A very special thanks to the caregivers Doña Beatriz, Doña Leonor, Doña Rosa, Angelita, Doña María Rosa, Ángel, Doña María, Angélica and Doña Julia; and Melanie, Evelyn, Joseph, Joselyn, Jorge, Mateo Ángel, Dayana, Sebastián, Adrián, Wilo, Lucía, Rosemary and Janine, sons and daughters of migrants. They all shared their memories, wisdom and daily experiences full of courage, strength and wisdom. Without their voices this work would not have been possible.


Thanks from Elisa Sardao Colares



Valentina Glockner Fagetti
Daniel Kent Carrasco
Áruna Glockner Kent
Tawana Yung

Observatorio de Investigación con las Infancias, de El Colegio de Sonora (odiin)

Departamento de Estudos Latino Americanos da Universidade de Brasília (ELA/UnB)

Animars Produtora

Collective migration as care and resistance (Valentina Glockner )



Doña Lucila y Don Jesús

María Auxiliadora Moreno



Jumping over the wall (Valentina Glockner )

Government shelter for returned children and youth, Nogales, Sonora.

Epifanio: memories of a Na Savi boy (Valentina Glockner )

Familias García Moreno, Moreno Solano y Guevara Moreno. 

Comunidades de Yuvinani, Montaña de Guerrero y Oacalco, Morelos. 

Escuela Emiliano Zapata, Oacalco, Morelos.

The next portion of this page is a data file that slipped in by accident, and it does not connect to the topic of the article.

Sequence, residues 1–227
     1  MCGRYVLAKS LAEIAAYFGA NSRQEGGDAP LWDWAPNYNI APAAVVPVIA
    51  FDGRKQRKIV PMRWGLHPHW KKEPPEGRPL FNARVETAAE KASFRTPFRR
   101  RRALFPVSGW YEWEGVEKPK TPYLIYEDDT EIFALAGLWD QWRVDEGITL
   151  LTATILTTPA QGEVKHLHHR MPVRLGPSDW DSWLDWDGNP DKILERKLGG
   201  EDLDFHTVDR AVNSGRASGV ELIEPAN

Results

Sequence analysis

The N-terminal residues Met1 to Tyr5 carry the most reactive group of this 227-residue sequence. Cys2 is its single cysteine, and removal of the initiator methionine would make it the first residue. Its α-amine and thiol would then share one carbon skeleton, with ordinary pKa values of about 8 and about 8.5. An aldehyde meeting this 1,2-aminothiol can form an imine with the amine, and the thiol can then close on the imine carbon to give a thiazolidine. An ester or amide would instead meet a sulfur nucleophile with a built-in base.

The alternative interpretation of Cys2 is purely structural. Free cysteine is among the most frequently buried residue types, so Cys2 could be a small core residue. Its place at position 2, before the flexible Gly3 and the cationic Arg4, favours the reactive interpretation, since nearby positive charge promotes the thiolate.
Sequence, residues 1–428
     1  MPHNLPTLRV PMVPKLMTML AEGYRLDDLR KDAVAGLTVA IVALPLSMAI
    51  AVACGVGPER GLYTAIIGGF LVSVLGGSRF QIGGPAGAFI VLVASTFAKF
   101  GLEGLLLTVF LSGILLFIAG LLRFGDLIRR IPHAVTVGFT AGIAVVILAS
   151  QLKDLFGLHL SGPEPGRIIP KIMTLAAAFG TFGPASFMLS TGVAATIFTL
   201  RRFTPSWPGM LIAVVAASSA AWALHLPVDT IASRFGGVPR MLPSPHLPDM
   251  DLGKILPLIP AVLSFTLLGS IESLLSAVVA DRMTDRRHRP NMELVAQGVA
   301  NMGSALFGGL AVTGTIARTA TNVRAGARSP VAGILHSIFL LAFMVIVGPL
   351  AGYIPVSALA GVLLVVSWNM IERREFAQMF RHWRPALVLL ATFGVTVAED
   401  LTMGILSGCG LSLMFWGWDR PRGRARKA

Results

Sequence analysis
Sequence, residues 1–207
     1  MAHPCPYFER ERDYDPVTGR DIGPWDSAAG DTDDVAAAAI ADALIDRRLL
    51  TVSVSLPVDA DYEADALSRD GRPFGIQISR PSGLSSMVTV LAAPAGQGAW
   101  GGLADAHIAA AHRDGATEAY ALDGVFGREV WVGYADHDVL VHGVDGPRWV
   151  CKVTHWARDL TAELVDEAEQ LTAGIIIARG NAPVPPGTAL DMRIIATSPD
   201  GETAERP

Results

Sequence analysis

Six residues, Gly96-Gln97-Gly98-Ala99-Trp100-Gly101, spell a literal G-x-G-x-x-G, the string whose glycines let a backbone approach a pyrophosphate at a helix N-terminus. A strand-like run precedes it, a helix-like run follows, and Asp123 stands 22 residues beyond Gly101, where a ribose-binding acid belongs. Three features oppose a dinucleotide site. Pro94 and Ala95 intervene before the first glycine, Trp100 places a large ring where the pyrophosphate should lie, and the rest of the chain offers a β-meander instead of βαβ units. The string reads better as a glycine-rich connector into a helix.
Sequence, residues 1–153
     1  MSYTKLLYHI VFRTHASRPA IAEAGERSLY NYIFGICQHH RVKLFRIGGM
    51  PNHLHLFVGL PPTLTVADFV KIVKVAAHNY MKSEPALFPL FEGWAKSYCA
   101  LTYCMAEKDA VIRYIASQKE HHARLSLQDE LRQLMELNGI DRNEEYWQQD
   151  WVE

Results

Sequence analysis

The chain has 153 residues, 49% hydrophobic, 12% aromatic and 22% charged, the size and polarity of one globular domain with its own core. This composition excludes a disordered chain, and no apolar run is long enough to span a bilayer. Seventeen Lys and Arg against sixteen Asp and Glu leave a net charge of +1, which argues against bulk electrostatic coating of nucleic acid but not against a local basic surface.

To the children and families who made this possible: García Moreno, Moreno Solano y Guevara Moreno families To the mixtec communities that welcomed me: Yuvinani, Guerrero y Oacalco, Morelos. Emiliano Zapata elementary school, Oacalco, Morelos. Na Savi children: Epifanio, Maribel, Griselda, Rocío, Miguel Ángel, Rodolfo, Delfina, Neftalí, Yahir, Antolín, Samuel, Casimiro, Andrés, Angelina, Valentina, Zenaida, Cristina, Carolina, Silvia, Ricrdo, Ana Karen, Elizabeth, Raúl, Marcelino, Rutilia, Gabino, Reinaldo, David, Rafael, Raymundo, Martina, Miguel, Concepción, Baltasar, Sandra, José Julián, Jorge, Fernando, Beltrán, Florentina, Teresa, María Estela, Flavia, Mercedes, Candelaria, Cecilia, Eusebia, Catarino, Bernardino, Pedro, Maurilio, Jaime, José Luis, Carmen, Artemio, Rosalinda, Francisco, Olegario, Aurelia, Paulino, Virginia, Rufino, Paulino, Adrían, Martina A, Rutilio, Rey, Javier, Héctor, Eusebio, Claudio, Samuel, Rosalía, Maximiliano, Marcelino, Leticia, Mercedes L., Mario, Augusto, Sergio, Rafaela, Lucas, Hermelinda, Catalina, Rosa y Serafín.